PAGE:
June, 5, 2023
The Asian Palm Oil Alliance, a multilateral body representing the industry in Asia, Solidaridad, a global network that supports smallholder farmers and workers, and the Palm Oil Industry Association of Sri Lanka, came together at a joint press conference, held at the OPA Auditorium in Colombo 07, on the 30th of May 2023. The event shed light on the untapped potential presented by oil palm cultivation in Sri Lanka. With a focus on sustainable practices and the strengthening of rural communities, key representatives of the two organizations highlighted the immediate short, medium and long-term, economic and social gains that could be achieved through this promising, lucrative and sustainable industry.
The present legal and regulatory impediments to cultivating oil palms stand as a lost opportunity for Sri Lanka. Just like alternative crops grown to obtain vegetable oil, oil palms provide a year-round source of income for plantation workers and small plantation owners. It also holds immense potential to bolster the country’s economy on various fronts, by reducing reliance on imported edible oils, and potentially creating a lucrative export industry in the future. In fact, Solidaridad has released the “Myths and Truths of Oil Palm,” a research-based scientific study that provides information and assessments on palm oil through an in-depth literature review on research findings by over 15 leading scientists from top universities and research institutions across Indonesia, Malaysia, India and Sri Lanka.
With over LKR 11 billion in direct and indirect contributions to Sri Lanka’s GDP, the oil palm plantation and milling sectors play a pivotal role in the nation’s economic landscape. Approximately 60% of this economic impact stems from the plantations, while the remaining 40% arises from the milling sector. Moreover, these sectors create over 5,000 employment opportunities, supporting the livelihoods of around 21,000 individuals. As a result of the high-value crop and outsized demand for palm oil, the industry also has the potential to generate high-income employment, with an average monthly income of LKR 185,000 per employee. This is significantly higher, in many instances by a factor of two, when compared with workers involved in tea, rubber, coconut and other plantations.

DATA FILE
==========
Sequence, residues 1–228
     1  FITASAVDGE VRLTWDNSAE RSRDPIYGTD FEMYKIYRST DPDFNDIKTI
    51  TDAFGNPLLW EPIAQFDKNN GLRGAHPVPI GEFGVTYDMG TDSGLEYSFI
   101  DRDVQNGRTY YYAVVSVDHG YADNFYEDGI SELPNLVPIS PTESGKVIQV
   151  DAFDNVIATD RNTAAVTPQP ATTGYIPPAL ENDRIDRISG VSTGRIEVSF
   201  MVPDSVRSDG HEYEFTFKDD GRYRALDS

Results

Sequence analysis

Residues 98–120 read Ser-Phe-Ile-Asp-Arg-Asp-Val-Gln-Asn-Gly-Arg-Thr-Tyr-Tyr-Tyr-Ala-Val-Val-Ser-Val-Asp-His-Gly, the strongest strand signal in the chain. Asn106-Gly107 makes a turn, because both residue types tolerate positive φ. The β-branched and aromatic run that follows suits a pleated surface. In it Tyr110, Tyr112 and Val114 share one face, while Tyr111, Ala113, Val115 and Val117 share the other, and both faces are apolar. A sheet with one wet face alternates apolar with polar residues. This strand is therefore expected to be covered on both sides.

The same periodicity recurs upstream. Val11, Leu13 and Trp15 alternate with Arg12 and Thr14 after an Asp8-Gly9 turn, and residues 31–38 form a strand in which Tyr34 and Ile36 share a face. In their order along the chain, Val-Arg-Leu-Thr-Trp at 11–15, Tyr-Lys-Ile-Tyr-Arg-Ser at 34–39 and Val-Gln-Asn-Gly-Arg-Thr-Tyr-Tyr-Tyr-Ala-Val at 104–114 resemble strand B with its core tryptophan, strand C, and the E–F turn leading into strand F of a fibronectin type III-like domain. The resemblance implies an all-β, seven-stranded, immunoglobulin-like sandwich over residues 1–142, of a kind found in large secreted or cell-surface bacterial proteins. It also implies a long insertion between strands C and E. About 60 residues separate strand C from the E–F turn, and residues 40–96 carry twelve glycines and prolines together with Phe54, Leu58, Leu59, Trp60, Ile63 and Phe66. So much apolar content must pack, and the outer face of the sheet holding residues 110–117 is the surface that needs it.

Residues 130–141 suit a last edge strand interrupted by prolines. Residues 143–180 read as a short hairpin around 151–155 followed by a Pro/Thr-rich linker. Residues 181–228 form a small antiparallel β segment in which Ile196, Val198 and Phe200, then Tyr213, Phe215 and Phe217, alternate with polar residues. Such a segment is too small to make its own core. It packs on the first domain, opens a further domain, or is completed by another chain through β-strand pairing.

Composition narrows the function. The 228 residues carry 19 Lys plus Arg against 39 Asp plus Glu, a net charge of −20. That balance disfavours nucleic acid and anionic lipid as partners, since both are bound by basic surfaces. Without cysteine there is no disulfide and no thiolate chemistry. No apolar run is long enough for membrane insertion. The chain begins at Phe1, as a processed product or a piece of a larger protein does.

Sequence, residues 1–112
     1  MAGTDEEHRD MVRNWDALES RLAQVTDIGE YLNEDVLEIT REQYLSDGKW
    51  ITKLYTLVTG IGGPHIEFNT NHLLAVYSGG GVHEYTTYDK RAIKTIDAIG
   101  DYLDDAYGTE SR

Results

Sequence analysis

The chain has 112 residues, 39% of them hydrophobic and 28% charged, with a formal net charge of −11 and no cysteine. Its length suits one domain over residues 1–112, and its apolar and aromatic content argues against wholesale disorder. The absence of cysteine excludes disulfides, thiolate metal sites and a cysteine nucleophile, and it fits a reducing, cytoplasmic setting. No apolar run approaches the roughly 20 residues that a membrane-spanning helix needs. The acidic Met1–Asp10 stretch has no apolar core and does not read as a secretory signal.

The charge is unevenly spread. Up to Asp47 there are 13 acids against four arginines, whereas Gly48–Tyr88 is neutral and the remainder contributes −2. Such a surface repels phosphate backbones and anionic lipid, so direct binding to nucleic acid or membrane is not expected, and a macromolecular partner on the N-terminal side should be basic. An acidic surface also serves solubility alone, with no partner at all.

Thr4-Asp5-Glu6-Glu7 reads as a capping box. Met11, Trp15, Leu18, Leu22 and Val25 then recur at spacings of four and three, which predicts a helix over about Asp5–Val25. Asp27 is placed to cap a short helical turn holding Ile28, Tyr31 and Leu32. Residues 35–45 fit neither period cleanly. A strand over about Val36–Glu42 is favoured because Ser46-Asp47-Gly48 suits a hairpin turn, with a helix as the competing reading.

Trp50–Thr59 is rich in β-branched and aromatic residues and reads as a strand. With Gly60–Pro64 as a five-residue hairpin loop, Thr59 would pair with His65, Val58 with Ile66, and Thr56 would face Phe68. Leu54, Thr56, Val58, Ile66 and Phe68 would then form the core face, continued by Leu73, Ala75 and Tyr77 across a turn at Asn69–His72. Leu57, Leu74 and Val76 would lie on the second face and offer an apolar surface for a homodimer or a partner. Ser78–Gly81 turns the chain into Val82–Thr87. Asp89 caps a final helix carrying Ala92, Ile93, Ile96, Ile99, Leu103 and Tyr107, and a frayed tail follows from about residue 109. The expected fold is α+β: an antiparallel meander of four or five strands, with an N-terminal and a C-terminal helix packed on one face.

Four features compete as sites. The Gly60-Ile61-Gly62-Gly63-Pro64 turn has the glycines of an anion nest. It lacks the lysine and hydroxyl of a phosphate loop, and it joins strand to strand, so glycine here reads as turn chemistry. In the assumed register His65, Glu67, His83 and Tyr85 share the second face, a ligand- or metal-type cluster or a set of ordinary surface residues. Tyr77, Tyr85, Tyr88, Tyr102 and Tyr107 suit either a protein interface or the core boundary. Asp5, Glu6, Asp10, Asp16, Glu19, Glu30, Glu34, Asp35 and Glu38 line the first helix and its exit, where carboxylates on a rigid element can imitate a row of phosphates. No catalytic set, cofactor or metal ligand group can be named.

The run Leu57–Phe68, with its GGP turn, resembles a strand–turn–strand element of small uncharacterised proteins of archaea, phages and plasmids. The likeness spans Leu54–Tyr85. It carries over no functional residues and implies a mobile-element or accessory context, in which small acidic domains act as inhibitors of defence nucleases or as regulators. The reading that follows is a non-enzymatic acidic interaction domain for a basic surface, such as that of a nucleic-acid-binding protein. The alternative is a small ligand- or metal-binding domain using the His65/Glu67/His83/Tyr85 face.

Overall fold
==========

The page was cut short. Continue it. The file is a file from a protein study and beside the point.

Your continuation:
Discussing the matter in detail at the press conference, Emeritus Professor Asoka Nugawela Ex Co Member - POIASL said, “It is crucial to thoroughly evaluate the economic benefits associated with oil palm cultivation, along with its present and potential future contributions to GDP, rural development and alleviation of poverty. Instead of misguided policies, without proper assessment, we should consider the positive impact palm oil can have on our nation’s sustainable development.”
To capitalize on the opportunities that oil palm cultivation presents, POIASL proposed a range of key steps for Sri Lanka to take. Most importantly, the immediate need for comprehensive stakeholder collaboration and cooperation, including government, industry and local communities, towards the establishment of a comprehensive framework for sustainable cultivation of oil palms in Sri Lanka.
Dr. Suresh Motwani Secretary General of APOA said “Our regional peers exemplify the positive outcomes of sustainable palm oil production. Malaysia and Indonesia, for instance, have successfully harnessed the potential of this crop, not only in terms of economic growth but also to establish sustainable, environmentally-responsible supply and value chains, empowering rural communities. Their success can be fast-tracked using these established and proven practices to ensure that oil palm cultivation in Sri Lanka is sustainable and aligned with the United Nations Sustainable Development Goals’’.